Death. Gangs. Prison. Fear. Guilt.
In Monster, Walter Dean Myers mixes all these ingredients to cook up a real-life look at life in the 'hood. The story follows the public trial and private thoughts of Steve Harmon, a sixteen-year-old kid growing up in Harlem, who always wanted to be tough.
A high school dropout himself, Myers knows what it means to grow up hard. During his own childhood in Harlem he loved books, but hid them in a paper bag as he walked home from the library. "Not that I was that concerned about [other kids] teasing me—because I would hit them in a heartbeat," he said. "But I felt a little ashamed, having books." (source)
Thankfully, Myers grew out of that shame.
He's written over one hundred books, including children's books and nonfiction articles, and almost every single one deals with the realities of life for young black kids on the city streets. And not just the physical realities, either—Myers also addresses "the emotional impact of the violence that these kids grow up around. It's not a fantasy." (source)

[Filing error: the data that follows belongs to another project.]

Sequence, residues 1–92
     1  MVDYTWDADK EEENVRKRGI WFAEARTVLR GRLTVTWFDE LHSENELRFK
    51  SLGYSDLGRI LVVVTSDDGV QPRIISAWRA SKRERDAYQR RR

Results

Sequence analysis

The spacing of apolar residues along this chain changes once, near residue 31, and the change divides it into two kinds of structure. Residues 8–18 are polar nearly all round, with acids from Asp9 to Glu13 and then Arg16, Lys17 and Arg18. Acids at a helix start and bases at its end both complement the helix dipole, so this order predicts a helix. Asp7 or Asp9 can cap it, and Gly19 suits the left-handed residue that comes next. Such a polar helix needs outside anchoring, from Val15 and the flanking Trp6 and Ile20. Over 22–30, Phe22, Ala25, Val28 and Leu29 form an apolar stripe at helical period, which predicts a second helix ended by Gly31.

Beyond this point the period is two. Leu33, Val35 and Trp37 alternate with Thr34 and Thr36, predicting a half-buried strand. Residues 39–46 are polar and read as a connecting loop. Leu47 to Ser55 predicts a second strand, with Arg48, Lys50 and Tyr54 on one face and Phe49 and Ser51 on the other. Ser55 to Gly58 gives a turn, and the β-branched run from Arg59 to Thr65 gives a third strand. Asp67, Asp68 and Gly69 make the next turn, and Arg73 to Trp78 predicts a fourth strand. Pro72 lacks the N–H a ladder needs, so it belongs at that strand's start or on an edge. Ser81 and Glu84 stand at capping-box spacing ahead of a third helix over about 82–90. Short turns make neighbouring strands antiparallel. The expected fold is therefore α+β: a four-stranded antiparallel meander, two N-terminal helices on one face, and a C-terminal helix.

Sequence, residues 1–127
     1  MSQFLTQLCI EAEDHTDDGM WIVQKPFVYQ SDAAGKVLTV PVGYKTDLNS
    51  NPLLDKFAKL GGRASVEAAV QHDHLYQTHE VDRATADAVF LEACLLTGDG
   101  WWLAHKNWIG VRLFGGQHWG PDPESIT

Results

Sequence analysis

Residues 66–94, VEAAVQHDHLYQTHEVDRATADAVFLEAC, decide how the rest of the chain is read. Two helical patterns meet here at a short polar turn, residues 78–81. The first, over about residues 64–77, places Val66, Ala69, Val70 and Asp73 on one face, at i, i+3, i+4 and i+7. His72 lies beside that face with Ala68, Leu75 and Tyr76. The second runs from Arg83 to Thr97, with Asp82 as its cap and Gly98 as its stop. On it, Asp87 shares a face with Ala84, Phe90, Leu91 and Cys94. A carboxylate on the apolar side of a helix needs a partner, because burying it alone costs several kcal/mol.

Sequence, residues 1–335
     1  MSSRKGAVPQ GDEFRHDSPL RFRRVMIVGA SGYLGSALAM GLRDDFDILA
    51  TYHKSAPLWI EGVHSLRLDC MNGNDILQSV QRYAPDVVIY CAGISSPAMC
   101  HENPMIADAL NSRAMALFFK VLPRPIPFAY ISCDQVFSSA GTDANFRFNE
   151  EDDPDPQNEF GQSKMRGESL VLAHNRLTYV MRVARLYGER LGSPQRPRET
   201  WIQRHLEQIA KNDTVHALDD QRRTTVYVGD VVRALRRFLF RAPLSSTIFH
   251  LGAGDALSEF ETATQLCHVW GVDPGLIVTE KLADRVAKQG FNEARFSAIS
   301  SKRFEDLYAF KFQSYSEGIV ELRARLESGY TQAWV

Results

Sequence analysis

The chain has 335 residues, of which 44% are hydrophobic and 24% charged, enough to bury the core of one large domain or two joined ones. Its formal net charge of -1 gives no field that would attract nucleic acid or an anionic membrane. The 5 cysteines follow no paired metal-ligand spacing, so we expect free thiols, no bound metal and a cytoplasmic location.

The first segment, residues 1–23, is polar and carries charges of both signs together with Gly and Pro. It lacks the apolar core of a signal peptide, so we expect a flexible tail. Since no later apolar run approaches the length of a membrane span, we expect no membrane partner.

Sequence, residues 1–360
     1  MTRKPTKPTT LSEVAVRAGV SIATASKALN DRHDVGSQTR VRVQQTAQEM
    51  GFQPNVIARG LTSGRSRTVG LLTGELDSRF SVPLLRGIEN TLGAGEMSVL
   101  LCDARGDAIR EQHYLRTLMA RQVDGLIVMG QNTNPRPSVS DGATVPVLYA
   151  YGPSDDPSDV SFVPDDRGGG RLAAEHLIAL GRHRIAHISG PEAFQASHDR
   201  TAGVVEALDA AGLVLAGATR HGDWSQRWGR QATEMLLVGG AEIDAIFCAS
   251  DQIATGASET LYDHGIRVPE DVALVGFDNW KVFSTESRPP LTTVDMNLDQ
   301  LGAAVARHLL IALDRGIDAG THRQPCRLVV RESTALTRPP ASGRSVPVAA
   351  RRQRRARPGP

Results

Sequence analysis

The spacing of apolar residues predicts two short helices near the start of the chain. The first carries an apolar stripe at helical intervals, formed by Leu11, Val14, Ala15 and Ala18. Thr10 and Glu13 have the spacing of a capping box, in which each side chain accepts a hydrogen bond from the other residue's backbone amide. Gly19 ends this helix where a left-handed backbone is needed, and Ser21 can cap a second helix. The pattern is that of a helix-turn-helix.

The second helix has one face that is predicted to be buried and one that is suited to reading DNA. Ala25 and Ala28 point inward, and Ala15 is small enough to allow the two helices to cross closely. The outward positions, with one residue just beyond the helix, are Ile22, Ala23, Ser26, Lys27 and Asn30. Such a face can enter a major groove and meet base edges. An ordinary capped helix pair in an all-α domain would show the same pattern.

Monster definitely isn't a fantasy.
It's a story about a kid caught in the crosshairs of a burglary gone wrong. As readers, we have front row seats to his thoughts, his terror, his confusion, his guilt, and his innocence. Monster packs a serious emotional wallop, enough to garner over twenty (twenty) awards, including 1999 National Book Award Finalist, 2000 ALA Best Books for Young Adults, New York Times Notable Book of the Year, and… drum roll… the 2000 Michael L. Printz Award for Excellence in Literature for Young Adults (this prize is a majorly big deal).
In other words, Monster has been monstrously well received, dominating young adult lit lists and blowing the minds of readers of all ages.
Why Should I Care?
Just Say No. D.A.R.E. Zero Tolerance.
Feel good, anti-peer pressure slogans flutter from the walls of almost every school hallway in the country and get handed out on bumper stickers after assemblies. But when you're standing on your front stoop, and the tough kid you always wanted to be like offers you (fill in the blank), saying no isn't as easy as a cutesy slogan might have us believe.
But saying yes has consequences.
Steve Harmon learns this the hard way. He sits in a jail cell, waiting to find out if being a lookout for a burglary will land him twenty-five years to life in federal prison. Suddenly, being tough looks stupid, and all he wants to do is tell his little brother to "Think about all the tomorrows of your life" (17.9).
All bad decisions have consequences—even small ones.
Don't believe us? Read Monster.